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Larkin on a Sunday

After looking for a complete volume of Philip Larkin’s poetry, I found one at our bookstore on Sunday, and bought it hurriedly. It was the kind of day for poetry, so bright you feel the sun radiating from the leaves and the ground rather than the sky. Looking at the spine, I saw that pages were turned down precisely in two places.



It was clear that it wasn’t an accident, or sloppy book handling, but must have been meaningful to the previous owner of the book. It must say something about that person, and oddly enough, I feel that at this juncture, I think it says something about me. A communion with a person, just because of a page turned down. Here is the poem:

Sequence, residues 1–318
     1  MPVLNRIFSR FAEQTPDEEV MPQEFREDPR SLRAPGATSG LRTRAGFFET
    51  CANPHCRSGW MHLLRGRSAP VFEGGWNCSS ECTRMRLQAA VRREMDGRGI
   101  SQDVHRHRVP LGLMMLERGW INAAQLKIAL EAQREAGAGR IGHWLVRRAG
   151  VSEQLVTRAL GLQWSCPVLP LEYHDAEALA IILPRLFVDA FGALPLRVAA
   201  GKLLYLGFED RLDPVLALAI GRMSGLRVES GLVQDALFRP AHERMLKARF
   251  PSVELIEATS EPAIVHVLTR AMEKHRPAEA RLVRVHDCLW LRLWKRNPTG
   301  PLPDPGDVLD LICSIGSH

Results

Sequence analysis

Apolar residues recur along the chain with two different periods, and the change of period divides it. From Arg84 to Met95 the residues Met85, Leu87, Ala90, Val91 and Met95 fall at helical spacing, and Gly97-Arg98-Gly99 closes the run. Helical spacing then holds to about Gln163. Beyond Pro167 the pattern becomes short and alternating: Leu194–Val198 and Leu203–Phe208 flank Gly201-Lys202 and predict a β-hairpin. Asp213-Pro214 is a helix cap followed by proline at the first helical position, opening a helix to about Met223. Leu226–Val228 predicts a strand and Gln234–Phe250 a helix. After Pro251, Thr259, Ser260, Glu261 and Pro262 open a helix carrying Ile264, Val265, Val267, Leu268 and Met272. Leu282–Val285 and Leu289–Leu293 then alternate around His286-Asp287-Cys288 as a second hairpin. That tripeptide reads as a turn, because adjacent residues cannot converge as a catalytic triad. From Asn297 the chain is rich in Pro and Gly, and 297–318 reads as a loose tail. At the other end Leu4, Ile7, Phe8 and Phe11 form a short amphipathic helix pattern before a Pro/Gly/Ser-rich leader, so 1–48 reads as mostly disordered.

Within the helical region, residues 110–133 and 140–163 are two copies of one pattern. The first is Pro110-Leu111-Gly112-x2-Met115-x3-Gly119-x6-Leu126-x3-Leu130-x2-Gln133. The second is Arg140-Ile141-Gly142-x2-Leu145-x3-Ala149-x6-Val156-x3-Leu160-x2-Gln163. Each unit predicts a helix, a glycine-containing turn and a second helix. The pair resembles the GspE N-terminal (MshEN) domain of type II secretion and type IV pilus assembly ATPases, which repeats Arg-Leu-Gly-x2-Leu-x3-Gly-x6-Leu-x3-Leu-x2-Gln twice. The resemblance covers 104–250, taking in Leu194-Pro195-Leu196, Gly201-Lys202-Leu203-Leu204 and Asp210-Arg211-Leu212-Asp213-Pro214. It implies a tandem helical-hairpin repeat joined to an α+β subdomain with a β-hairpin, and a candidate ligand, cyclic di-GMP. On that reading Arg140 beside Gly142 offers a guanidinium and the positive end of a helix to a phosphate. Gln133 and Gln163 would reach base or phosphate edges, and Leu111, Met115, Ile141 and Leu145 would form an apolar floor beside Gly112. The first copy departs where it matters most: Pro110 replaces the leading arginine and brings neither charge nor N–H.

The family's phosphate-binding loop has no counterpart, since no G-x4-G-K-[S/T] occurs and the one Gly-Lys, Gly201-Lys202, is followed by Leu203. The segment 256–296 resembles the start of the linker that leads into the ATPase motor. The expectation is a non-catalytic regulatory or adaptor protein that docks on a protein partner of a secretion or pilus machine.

Places, Loved Ones

No, I have never found
The place where I could say
This is my proper ground,
Here I shall stay;
Nor met that special one
Who has an instant claim
On everything I own
Down to my name;

To find such seems to prove
You want no choice in where
To build, or whom to love;
You ask them to bear
You off irrevocably,
So that it’s not your fault
Should the town turn dreary,
The girl a dolt.

Yet, having missed them, you’re
Bound, none the less, to act
As if what you settled for
Mashed you, in fact;
And wiser to keep away
From thinking you still might trace
Uncalled-for to this day
Your person, your place.

Comments

Ian Woolcott said…
Larkin is marvelous.

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